An agreement was finalized April 3 between the Department of Health and Tennessee’s Emergency Communications Board to share the information, documents show.

<strong>G.A. Hardaway</strong>

G.A. Hardaway

Until the governor ends his order allowing the Department of Health to enter a memorandum of understanding with law enforcement agencies, the Black Caucus “suggests” those who take COVID-19 tests to provide only their city, state and ZIP code as well as cell phone numbers and email addresses but not their street address.

The caucus is not opposed to 911 boards supplying the information to its operators, but it does not believe a list of names and addresses of COVID-positive people should be given out to law enforcement agencies, according to state Rep. G.A. Hardaway, chairman of the Tennessee Black Caucus.

“We support the police. We do not support a police state,” Hardaway said.

Rallings defends police use of addresses of those with COVID-19 virus

Memphis Police Chief Michael Rallings recently said a memorandum of understanding between the state and Shelby County 911 board has been in place since early April and that information about a person with COVID-19 is given by police dispatchers in address form only, without names being used.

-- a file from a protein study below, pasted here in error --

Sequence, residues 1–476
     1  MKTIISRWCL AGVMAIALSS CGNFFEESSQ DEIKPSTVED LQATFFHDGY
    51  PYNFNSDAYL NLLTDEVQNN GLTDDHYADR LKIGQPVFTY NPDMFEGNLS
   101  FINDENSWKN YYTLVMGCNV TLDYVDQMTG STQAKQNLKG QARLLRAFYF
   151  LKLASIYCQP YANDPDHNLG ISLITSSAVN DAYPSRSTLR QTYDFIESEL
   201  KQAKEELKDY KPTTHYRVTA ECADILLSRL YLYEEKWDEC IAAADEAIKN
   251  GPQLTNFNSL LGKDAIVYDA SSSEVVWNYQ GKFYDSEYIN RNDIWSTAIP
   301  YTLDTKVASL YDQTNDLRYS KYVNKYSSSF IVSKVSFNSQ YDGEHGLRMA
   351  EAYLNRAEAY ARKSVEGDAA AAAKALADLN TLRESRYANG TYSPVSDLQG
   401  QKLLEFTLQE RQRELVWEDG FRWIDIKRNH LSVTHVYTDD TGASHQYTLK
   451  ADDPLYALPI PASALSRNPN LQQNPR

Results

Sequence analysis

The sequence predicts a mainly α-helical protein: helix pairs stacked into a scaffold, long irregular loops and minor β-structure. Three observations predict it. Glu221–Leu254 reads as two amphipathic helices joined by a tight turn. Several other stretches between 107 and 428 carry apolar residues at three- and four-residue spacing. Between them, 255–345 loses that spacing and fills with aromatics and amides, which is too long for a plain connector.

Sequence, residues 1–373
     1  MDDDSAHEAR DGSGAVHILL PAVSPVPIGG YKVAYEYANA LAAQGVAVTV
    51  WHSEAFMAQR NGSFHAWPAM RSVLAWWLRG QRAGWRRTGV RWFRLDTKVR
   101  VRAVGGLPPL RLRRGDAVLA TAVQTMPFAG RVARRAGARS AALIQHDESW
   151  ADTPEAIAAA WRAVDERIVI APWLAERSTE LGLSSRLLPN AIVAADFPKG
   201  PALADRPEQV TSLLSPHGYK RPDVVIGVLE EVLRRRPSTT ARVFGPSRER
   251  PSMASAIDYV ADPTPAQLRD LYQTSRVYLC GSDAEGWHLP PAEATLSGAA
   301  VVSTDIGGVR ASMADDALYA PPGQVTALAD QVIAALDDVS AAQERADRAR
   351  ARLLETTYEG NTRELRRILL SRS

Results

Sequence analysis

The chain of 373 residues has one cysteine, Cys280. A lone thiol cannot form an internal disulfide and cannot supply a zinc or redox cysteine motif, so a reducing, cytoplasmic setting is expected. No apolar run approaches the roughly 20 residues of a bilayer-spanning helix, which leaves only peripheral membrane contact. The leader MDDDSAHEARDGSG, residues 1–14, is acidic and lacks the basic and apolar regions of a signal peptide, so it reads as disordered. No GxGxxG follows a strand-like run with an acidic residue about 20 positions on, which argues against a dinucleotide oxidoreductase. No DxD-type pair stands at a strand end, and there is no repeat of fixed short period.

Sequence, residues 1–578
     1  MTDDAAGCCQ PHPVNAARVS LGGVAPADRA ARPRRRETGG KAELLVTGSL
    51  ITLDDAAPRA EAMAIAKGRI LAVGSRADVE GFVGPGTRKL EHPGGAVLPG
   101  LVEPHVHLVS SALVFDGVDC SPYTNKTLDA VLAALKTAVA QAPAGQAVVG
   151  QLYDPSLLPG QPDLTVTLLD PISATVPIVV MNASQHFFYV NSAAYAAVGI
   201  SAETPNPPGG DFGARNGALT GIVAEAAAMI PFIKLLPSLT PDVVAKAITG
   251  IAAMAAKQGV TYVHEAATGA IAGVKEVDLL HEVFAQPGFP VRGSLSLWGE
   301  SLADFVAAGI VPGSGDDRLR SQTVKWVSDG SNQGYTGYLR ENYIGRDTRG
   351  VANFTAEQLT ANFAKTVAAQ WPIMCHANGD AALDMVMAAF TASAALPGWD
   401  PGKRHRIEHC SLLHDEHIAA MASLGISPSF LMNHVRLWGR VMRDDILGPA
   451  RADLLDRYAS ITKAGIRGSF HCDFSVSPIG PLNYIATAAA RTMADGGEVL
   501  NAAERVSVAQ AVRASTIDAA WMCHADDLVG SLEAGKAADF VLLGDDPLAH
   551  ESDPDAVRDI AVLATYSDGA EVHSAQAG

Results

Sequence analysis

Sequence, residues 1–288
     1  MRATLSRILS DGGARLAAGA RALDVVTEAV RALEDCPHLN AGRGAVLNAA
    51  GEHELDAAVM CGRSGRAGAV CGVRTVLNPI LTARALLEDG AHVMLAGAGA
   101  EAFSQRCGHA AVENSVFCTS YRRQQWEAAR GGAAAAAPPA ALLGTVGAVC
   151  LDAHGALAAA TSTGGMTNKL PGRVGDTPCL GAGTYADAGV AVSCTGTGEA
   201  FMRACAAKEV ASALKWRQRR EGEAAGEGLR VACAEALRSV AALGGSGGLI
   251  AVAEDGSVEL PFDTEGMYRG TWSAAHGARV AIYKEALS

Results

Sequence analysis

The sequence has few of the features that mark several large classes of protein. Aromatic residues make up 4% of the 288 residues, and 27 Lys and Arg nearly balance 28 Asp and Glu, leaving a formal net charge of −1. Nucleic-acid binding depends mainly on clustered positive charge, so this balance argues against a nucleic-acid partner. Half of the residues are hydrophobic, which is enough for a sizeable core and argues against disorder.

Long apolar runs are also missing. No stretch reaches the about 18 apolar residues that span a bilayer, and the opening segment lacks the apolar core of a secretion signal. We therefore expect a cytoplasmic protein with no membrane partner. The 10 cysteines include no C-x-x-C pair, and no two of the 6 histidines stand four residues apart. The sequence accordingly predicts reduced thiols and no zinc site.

<strong>Jesse Chism</strong>

Jesse Chism

Shelby County also has been providing COVID-19 information to its dispatchers to make sure first responders wear personal protective equipment when they enter a residence – but minus a person’s identity, according to Shelby County Mayor Lee Harris. He agrees with the rationale for protecting first responders.

State Rep. Jesse Chism is concerned, though, that information could be “abused” if given out directly to law enforcement.

“It is a very scary ordeal to hear about the shared database,” the Memphis Democrat said.

Black Caucus seeks end of COVID-19 identity sharing with law enforcement

The Black Caucus initiated talks with the Governor’s Office about the matter more than a week ago. So did state Rep. Scott Cepicky, a Maury County Republican who sent a letter questioning the constitutionality of the program.

<strong>Scott Cepicky</strong>

Scott Cepicky

Cepicky said Tuesday he has gotten no response from the governor’s office. Hardaway said he was told the governor is working on the matter, but he wants Lee to take action immediately and rescind the policy in an effort to control the disease by encouraging everyone to be tested more frequently.

Hardaway contends the U.S. Department of Health of Human Services did not mandate the information-sharing but that the state took on the initiative in an effort to “serve some higher purpose from the federal government.”

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Tennessee Black Caucus G.A. Hardaway Jesse Chism Bill Lee Michael Rallings
Sam Stockard

Sam Stockard

Sam Stockard is a Nashville-based reporter with more than 30 years of journalism experience as a writer, editor and columnist covering the state Legislature and Tennessee politics for The Daily Memphian.